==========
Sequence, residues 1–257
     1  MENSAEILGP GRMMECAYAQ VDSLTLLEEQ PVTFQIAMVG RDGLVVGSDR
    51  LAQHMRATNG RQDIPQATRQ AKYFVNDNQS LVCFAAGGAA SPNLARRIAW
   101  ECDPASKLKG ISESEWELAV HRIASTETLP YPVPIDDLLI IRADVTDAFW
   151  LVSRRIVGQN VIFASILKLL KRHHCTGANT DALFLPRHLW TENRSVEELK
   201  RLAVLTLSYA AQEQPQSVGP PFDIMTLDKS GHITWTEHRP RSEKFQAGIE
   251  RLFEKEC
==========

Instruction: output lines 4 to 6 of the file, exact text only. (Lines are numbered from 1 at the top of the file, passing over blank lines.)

   101  ECDPASKLKG ISESEWELAV HRIASTETLP YPVPIDDLLI IRADVTDAFW
   151  LVSRRIVGQN VIFASILKLL KRHHCTGANT DALFLPRHLW TENRSVEELK
   201  RLAVLTLSYA AQEQPQSVGP PFDIMTLDKS GHITWTEHRP RSEKFQAGIE